In brief, cursive description the invention includes an inflatable-barrier system with access-opening fume blockage by air curtain provisions and, in embodiments, provisions for moving one or more of the devices along a fuselage for protecting the greatest possible percentage of passengers in a given situation.
The above and other objects and advantages of this invention will become more readily understood on examination of the following description, including the drawings, in which like reference numerals denote like parts.
FIG. 1 is a perspective depiction of a crashed aircraft on fire and not equipped with the present invention;
FIG. 2 is a perspective depiction of the same crashed aircraft on fire as it might appear equipped with the present invention;
FIG. 3 is a transverse sectional elevational view of the fuselage of an aircraft equipped with a fixed embodiment of the present invention, the invention being shown in the stored configuration, ready for deployment;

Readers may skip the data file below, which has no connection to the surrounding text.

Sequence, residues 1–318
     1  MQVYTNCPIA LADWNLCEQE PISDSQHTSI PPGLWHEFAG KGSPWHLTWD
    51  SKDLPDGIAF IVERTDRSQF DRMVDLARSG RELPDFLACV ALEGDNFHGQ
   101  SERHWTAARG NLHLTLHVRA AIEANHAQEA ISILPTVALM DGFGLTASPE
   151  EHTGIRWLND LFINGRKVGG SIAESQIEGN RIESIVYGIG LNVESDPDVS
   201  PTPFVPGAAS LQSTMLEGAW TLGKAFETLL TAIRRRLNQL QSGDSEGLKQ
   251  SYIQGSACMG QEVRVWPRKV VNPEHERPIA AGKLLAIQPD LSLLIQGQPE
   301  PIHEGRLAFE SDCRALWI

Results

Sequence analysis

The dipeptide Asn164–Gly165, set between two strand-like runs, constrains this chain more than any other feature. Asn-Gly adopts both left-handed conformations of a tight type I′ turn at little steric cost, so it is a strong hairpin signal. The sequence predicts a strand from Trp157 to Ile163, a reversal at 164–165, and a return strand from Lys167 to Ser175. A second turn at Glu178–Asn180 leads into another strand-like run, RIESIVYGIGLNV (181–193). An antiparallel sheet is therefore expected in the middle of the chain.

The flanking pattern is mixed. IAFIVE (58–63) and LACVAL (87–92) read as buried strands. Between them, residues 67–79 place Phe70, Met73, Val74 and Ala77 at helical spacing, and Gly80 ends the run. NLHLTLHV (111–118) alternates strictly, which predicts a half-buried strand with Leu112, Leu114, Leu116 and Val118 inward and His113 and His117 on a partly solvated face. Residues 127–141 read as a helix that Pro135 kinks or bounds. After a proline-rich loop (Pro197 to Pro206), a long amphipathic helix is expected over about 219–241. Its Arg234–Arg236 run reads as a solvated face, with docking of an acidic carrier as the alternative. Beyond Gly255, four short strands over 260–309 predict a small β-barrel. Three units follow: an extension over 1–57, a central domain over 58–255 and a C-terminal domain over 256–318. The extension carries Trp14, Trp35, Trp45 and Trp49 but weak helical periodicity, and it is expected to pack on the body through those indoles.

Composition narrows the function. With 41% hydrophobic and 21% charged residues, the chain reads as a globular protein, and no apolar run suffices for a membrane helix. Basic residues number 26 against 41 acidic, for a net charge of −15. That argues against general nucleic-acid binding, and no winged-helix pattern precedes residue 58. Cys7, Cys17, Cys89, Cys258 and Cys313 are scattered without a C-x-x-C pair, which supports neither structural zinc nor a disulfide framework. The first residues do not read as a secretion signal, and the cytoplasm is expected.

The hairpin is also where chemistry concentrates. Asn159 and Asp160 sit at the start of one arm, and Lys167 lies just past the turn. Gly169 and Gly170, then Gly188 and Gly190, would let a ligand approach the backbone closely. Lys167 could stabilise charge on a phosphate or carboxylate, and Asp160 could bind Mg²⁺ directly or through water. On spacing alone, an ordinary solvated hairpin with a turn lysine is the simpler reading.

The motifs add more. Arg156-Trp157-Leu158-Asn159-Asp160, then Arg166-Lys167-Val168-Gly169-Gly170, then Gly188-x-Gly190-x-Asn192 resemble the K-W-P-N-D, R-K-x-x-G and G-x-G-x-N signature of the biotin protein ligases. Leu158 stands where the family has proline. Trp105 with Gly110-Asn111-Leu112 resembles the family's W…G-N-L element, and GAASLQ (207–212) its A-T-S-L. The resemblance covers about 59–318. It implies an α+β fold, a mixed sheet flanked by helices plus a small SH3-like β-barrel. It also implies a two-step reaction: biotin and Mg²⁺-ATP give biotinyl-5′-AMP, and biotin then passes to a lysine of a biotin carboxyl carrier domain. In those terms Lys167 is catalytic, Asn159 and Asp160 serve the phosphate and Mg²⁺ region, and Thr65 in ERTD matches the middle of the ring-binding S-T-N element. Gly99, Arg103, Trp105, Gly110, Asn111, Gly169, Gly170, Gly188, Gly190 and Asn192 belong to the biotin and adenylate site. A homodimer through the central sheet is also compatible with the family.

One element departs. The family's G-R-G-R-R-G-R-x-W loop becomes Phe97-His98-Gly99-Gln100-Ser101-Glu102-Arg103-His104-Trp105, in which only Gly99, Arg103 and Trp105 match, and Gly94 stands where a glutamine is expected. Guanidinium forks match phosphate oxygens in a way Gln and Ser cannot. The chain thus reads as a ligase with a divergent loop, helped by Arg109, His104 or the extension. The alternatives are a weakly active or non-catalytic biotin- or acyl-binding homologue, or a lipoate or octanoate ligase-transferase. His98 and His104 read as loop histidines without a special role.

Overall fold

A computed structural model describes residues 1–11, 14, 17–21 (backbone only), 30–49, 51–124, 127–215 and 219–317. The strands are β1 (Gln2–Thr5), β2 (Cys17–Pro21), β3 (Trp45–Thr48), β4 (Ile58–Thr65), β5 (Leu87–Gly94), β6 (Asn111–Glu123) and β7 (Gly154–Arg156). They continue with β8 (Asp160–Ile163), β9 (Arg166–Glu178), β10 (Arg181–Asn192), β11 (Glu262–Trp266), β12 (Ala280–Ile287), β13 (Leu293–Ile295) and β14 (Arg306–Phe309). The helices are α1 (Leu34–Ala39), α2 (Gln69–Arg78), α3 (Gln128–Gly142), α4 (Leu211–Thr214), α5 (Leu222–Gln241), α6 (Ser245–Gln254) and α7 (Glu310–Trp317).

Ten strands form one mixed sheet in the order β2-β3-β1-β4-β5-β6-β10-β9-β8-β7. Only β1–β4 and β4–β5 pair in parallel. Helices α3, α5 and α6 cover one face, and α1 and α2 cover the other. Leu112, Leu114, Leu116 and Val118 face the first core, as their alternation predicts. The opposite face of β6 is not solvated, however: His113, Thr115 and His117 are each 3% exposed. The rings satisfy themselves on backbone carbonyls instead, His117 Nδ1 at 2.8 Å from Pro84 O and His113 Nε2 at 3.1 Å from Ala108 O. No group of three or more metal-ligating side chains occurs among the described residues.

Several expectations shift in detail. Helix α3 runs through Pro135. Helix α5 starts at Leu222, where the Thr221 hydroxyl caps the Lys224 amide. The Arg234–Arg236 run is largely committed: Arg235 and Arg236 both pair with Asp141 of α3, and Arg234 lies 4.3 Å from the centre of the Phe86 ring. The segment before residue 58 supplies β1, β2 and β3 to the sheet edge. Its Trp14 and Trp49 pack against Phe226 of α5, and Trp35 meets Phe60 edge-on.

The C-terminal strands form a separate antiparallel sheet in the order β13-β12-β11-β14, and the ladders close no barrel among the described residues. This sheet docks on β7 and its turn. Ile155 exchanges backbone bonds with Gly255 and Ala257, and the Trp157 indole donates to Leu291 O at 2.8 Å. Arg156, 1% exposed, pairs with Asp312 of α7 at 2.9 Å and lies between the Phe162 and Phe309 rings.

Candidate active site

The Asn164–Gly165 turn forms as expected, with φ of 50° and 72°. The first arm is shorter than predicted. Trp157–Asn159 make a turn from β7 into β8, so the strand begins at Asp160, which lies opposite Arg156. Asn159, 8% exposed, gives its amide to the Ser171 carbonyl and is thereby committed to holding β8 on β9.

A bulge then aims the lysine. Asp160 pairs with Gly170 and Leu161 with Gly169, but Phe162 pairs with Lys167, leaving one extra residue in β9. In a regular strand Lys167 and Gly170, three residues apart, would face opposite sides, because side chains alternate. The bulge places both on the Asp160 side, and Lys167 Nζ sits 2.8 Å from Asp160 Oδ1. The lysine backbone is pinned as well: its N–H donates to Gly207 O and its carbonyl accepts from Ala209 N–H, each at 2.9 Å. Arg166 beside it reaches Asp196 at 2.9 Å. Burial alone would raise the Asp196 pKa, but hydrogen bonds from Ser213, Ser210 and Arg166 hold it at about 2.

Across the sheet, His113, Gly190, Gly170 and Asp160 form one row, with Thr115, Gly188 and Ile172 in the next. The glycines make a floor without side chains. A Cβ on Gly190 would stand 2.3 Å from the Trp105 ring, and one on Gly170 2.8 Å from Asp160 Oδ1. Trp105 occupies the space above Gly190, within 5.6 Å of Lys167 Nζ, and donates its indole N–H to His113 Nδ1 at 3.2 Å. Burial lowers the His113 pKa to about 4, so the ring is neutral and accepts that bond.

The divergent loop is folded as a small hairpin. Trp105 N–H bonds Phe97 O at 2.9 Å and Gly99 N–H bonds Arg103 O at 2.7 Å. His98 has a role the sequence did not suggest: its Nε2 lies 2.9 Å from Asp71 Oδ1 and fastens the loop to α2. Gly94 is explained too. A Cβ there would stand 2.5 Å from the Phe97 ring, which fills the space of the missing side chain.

FIG. 4 is a transverse section of the fuselage of an aircraft as at 4--4, FIG. 2, and corresponding with FIG. 3, except that the invention is shown deployed after crash;
FIG. 5 is a transverse sectional elevational view of an aircraft fuselage showing a fixed embodiment of this invention adapted for use at a galley or the like, and in stored configuration;
FIG. 6 shows the FIG. 5 fixed embodiment deployed;
FIG. 7 is a longitudinal sectional elevational view of an aircraft fuselage, as at 7--7, FIG. 4, showing the invention in use;
FIGS. 8, 9 and 10 are details taken respectively at 8--8, 9--9 and 10--10, FIG. 4;
FIG. 11 is a detail similar to that of FIG. 10 but of an alternative structure;
FIG. 12 is a transverse sectional view taken at 12--12, FIG. 4;